After Batman v. Superman: Dawn of Justice, The Dark Knight III: The Master Race suddenly seems a lot better. The film wasn’t as bad as everyone histrionically made it out to be – Zach Snyder at least understands how to use these characters to compose compelling imagery, unlike Christopher Nolan. What the film reconfirmed to me is how irrevocably superheroes are tied to the comics page. This is their medium, and ironically only the relentless march of superhero movies can make me appreciate the value of a superhero comic. Frank Miller and Zach Snyder do have several things in common: an unpopular public image, a uncomfortable fixation on rape as a dramatic device, and an ambivalence bordering on contempt for Superman. As many reviews have pointed out, Ben Affleck’s Batman is essentially Frank Miller’s Dark Knight brought to life; an older and surlier abstraction of grimly righteous vigilantism who, yes, will pull the trigger of a gun if it means saving a life because that’s a decision a so-called “realistic” superhero would have to make, you liberal fanboy wimps. It’s really too bad Snyder didn’t do The Dark Knight Returns instead of Watchmen or BvS, not that BvS didn’t just swipe DKR sequences left and right throughout. Miller is a simpleton but Snyder does a simpleton’s adaptation of a simpleton. All the hammering on about gods and man and superman feels like it has a bit more of a point in Miller’s hands.
Issue 3 finally brings Bruce Wayne and Batman out of the shadows and as I’d hoped, Frank Miller still writes those cranky internal monologues better than anyone. If anything he’s writing them better than ever, now that he’s aged within five years of his old-man-Batman. He also incorporates topical problems better than any Marvel superhero screenwriters, who tend to namecheck “the issues” while studiously avoiding alienating any potential section of their audience, or David S. Goyer’s various Batman scripts from the past decade which use a ponderous tone to mask their dull lack of imagination. Miller’s deftly sardonic usage of text message balloons and Tweets are as relevant and witty as his usage of cable news in the previous two volumes of the Dark Knight saga, and even pay off in a funny scene when various Gotham-ites are too busy with their phones to pay attention to the super-apocalypse. Miller actually puts some pretty harsh anti-consumerist stuff in the mouths of his characters, reminding that though the medium has been generally dumbed down by the death of print, it’s still beneath the mainstream radar enough to function as a gutter platform against sacred technophilia.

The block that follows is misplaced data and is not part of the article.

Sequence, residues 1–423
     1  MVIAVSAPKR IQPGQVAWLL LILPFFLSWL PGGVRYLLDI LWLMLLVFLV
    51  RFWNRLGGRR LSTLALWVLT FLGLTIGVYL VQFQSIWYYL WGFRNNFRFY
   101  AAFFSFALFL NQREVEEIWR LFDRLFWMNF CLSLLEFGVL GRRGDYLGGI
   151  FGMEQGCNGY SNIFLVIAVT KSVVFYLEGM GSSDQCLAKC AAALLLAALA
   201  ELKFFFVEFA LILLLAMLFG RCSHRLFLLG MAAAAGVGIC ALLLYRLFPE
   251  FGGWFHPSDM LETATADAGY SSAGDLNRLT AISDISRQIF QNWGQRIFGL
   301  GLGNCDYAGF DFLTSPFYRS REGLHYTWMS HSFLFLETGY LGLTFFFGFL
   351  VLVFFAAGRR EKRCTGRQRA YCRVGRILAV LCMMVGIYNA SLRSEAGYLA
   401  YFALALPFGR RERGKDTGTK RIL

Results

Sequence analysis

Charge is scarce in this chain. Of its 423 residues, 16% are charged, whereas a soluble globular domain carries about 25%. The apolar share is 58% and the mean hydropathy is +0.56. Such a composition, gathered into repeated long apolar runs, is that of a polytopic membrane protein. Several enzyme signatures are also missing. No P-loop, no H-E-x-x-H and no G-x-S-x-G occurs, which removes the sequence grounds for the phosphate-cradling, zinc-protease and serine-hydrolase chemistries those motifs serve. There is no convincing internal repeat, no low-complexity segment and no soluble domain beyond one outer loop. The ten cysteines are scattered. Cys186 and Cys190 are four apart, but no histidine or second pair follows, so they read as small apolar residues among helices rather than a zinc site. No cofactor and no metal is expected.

The story is dumb as can be, but the writing has a lot of wicked satirical flourishes besides making fun of these kids today and their social media addiction. There’s a Trump cameo that probably wasn’t originally planned when the series started back in November 2015, so it’s nice to know the series is alive and malleable. Thematically Miller seems to be developing a redemption of Superman – something Snyder insincerely made overtures towards. Having been a government stooge until now, Supes is at last poised to fight in the right alongside Carrie Kelly and Bats. All it took was betrayal of the titular Master Race to which he belongs, and to which the Earth’s governments have collectively surrendered. Unbound by Hollywood squeamishness, Miller is allowed the full effects of his cynicism towards both the genre and modern society: his superheroes obliterate millions of people and millions more respond with media-saturated apathy. The unfairly maligned The Dark Knight Strikes Again felt like a true reflection of recent post-9/11 discord compared to the moment-of-silence-now-back-to-tights-and-fights business acumen from the rest of DC and Marvel. Dark Knight III‘s story reads like Frank Miller screaming in your ear that things have only gotten worse, as the slicker Andy Kubert art suggests a world painted over with a shinier gloss of distraction in the interim.
Kubert’s art is growing on me though, aping Miller’s staging and character designs at the right moments, and well complimented by Klaus Janson’s inks. Brad Anderson’s coloring continues to impress, especially his use of muted colors in the Antarctic and underground locales. Miller indulges in a splash page or reveal practically every two pages, but Kubert’s art justifies them and his command of visual language is solid. Unfortunately it’s used as a crutch throughout the otherwise forgettable Miller-drawn mini-comic of this issue starring Green Lantern. Apparently DC has been printing some of these issues with the mini-comic scaled to full size at the issue’s end, which is a mistake because having a comic-within-a-comic is an artistic choice unique only to comics, and comics need the boosterism.
Against better taste, Miller’s misanthropic idiosyncrasies continue to intrigue as to what he’ll do in the DC toybox. The serial installments may not be worth the cover price but as a whole, the whole experience is improbably shaping into something worthwhile.
The Dark Knight III: The Master Race Book Three; story, Frank Miller & Brian Azzarello; pencils, Andy Kubert; inks, Klaus Janson; colorist, Brad Anderson; letterer, Clem Robins; publisher, DC Comics.